The lead and title story, “The Saints of Rattlesnake Mountain,” is about Emmett, a can’t-win guy who ends up with a twelve-year prison sentence for a string of minor crimes that culminated in an assault—he got into a fight at a convenience store and won, basically. For five years, Emmett couldn’t deal with prison, five empty years of darkness. After that five years, he felt assimilated, started to be soothed by the sounds of the bars, the wake-ups, and the guards. He took to the routine. A few years later, he was handpicked by the warden for a special program, springing a few “lucky” prisoners for work detail on a ranch. I put “lucky” in quotes because cowboy life might just be harder than life inside, hard work in the sun all day, every day, leading to a locked trailer, shared with another inmate, every night. It’s like Cool Hand Luke: Sure, those guys got to be outside, see a little bit of the world, only they had to slave away in the unforgiving sun on a chain gang. Same thing with Emmett on this ranch: He may have been better off in his cell.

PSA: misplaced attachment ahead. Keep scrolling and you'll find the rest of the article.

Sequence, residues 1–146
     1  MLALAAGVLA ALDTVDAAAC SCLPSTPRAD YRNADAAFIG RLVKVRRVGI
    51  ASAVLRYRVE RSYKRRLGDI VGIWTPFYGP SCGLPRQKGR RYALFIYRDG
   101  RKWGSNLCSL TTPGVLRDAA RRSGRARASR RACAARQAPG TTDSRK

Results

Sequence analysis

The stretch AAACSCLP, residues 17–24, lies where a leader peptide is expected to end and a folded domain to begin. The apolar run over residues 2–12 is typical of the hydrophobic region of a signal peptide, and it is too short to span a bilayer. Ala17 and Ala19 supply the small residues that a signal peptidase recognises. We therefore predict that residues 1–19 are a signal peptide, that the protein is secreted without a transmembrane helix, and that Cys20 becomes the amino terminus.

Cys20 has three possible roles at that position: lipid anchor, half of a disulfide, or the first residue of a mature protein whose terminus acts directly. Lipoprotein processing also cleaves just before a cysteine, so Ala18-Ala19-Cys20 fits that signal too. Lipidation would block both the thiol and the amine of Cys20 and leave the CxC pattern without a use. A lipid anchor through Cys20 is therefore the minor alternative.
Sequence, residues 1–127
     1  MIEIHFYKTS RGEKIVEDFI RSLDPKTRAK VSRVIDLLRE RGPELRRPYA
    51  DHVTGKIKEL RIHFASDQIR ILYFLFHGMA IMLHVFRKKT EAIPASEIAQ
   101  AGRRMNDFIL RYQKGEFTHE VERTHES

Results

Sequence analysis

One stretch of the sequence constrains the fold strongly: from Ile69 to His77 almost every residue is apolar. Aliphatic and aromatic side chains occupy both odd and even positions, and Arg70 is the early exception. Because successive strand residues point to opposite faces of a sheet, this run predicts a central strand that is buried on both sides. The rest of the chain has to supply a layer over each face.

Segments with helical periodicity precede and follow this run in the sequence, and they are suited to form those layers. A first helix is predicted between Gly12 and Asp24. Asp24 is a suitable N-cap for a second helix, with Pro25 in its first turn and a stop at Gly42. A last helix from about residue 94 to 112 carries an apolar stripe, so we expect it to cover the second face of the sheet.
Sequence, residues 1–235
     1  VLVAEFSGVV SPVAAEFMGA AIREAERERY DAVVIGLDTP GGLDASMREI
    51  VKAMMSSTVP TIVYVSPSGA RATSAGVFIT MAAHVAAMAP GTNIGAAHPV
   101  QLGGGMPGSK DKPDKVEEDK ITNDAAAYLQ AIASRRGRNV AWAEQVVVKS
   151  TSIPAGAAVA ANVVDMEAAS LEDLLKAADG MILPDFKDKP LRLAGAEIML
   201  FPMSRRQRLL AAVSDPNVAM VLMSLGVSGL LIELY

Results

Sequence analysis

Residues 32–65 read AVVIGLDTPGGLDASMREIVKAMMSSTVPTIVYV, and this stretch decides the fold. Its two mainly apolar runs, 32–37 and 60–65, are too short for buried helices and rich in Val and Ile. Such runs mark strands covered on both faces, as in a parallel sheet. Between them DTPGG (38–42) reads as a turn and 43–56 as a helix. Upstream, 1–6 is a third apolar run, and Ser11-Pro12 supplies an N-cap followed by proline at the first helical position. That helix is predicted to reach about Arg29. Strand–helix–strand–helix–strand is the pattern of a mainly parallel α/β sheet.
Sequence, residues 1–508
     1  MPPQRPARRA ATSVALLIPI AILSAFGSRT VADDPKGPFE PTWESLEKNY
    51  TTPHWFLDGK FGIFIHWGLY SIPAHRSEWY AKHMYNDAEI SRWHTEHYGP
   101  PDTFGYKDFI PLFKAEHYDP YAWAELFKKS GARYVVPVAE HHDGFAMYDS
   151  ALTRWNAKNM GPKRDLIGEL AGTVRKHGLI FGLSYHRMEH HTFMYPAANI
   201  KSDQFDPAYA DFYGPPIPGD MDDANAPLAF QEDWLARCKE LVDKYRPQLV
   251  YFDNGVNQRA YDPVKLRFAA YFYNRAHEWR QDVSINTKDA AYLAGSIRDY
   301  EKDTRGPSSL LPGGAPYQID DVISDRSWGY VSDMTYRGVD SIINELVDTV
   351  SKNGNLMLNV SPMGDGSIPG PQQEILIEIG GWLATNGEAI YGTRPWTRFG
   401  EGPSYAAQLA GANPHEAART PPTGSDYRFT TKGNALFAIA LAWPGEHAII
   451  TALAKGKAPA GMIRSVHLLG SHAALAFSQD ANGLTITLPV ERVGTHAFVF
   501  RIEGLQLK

The story starts with a modern round-up of some wild horses. Instead of cowboys on horses with lassos, herding animals the old-fashioned way, these cowboys basically hold the gate open while a low-flying helicopter buzzes the horses into the corral. The hardest part is not catching a random hoof as they horses run by. That and the overwhelming sour smell of shit, the horses crapping all over, they’re so spooked.

Emmett is paired with Billy, a young kid caught with some personal-use pharmaceuticals.  Neither man really deserves a life of hard labor, but the ranch—where they’re known as “trustees”—at least gives them purpose and direction. They also get a few privileges. Their overseer, Gustavo, slips them sips from his flask, and once in a while, Gustavo will let one of them drive into town with him for an errand. Both men, favored by the warden, should be up for early parole before too long.